Thursday, August 11, 2005
Are volcanoes responsible for the extinction of dinosaurs?
At a scientific conference on Wednesday, a French researcher presented a study of Indian lava fields that suggested ancient volcanic activity was intense enough to have caused the climate changes believed to lie behind the extinction of the giant lizards.
“We can see that due to the surface degassing of the lava flow we have a potential impact on climate,” said Anne-Lise Chenet of the Institut de Physique du Globe de Paris.
Some scientists theorize that dinosaurs died out about 65 million years ago — along with more than 70 per cent of all species on Earth — as a result of climate change caused by the impact of a massive asteroid crashing into our planet.
That impact would have sent trillions of tonnes of dust into the air and sparked huge fires. That combination of dust and soot — some estimates suggest 25 per cent of earth's vegetation burned — would have lowered temperatures and acidified rainfall around the globe, destroying dinosaur habitat.
An undersea crater off Mexico's Yucatan coast is thought to be the impact site.
But other scientists believe earth's climate changed as a result of gases belched into the air from an upswing in volcanic activity.
Eruptions release both carbon dioxide, a major greenhouse gas, and sulphur dioxide, a source of acid rain. They also load the atmosphere with fine dust and soot.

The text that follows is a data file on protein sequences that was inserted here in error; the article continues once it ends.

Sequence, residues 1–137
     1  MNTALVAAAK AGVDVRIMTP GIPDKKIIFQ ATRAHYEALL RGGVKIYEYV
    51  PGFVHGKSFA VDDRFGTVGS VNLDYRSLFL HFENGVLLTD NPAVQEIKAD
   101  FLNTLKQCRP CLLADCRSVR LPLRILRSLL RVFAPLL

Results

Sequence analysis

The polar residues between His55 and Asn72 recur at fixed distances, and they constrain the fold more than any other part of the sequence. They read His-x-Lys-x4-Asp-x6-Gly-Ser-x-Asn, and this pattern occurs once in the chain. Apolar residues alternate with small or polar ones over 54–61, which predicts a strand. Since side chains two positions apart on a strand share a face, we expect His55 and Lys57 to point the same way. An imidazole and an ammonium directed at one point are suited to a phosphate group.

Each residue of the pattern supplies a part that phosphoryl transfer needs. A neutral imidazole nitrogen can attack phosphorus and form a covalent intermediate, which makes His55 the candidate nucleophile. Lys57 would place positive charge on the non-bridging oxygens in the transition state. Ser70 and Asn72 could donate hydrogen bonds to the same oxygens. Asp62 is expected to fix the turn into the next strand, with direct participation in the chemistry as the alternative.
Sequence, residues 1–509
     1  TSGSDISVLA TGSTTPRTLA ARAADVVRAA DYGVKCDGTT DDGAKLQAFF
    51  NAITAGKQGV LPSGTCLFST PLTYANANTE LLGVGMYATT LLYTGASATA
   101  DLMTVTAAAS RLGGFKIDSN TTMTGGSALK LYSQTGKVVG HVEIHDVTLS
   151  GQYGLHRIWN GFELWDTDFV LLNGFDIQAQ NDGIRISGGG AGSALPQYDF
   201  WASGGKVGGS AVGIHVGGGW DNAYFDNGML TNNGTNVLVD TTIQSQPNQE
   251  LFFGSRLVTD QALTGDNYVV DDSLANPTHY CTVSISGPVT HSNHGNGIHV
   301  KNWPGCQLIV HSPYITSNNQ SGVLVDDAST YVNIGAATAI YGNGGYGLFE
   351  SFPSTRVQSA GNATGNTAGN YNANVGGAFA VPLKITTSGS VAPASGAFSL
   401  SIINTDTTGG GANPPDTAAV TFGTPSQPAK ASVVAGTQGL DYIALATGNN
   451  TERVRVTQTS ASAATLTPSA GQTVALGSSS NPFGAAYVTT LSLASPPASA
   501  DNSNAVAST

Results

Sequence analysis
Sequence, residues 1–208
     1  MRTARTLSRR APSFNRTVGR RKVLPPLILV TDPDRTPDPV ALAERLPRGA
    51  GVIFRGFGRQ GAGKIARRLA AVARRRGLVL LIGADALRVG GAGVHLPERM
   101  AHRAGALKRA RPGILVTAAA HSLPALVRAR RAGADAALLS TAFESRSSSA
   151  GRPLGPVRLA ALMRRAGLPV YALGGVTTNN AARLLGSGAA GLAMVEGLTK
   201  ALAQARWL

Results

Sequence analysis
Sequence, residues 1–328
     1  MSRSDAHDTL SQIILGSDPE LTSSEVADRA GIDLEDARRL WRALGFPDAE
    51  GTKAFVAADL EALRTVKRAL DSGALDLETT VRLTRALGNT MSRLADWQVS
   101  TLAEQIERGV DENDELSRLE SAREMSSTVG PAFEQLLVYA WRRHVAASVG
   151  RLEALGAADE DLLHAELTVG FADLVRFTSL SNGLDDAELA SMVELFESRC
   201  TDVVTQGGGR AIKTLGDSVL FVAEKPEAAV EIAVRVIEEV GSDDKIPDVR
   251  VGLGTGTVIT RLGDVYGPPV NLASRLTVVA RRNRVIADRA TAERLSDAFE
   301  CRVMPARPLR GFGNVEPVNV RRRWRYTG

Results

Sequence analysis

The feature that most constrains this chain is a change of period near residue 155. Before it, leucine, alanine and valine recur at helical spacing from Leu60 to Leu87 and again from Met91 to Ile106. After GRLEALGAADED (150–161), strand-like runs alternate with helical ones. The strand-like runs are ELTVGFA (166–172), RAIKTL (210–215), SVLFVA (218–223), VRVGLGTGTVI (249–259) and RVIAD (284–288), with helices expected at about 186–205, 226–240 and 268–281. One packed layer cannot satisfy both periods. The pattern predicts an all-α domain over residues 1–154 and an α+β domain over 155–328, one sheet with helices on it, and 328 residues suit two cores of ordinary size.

Pro-volcano researchers have long pointed to the Deccan Trap in India, a vast area of volcanic rock thought to have originally contained up to three million cubic kilometres of ancient lava. That many eruptions could have released enough gas to be climate-altering — if they happened in rapid enough succession.
According to Dr. Chenet, that's exactly what happened.
“We found that the volcanism duration is certainly shorter than it was estimated before,” she said.
“A succession of different eruptions could lead to climate disequilibrium. If we have no time between two eruptions, we have no time to re-find climatic system balance.”
Dr. Chenet and her team dated the ancient lava flows by taking advantage of how the earth's magnetic field has shifted over time.
Lava contains magnetic minerals that align themselves with the earth's magnetic field before the lava cools. By comparing that alignment with what is known about how the magnetic field has shifted, scientists can date the flow.
Using that method, Dr. Chenet estimates that a layer of lava 600 metres thick may have piled up in as little as 30,000 years, and that the entire volcanic episode lasted about a million years.
“Volcanism might be a key player in mass extinctions,” Dr. Chenet said.
As well, right in the middle of the lava, Dr. Chenet also found a layer of iridium thought to have come from the Yucatan asteroid, which would prove the volcanoes predated it.
“Our view is that impact added to the stress already generated by an ongoing massive eruption, enhancing significantly the extent of the extinction — which would have taken place even if the impact had not occurred.”
Dr. Chenet's next task will be to calculate the amount of gas and sulphur compounds that would have been emitted during the period of the eruptions. Scientists will then attempt to estimate the changes those gases might have caused.
Dr. Chenet points out that over the last 300 million years, all mass extinctions have coincided with major volcanic activity.
The extinction that killed off the dinosaurs, known as the Cretaceous-Tertiary mass extinction, is the largest the earth has ever known. All land animals, everywhere on earth, that were larger than 25 kilograms were killed off.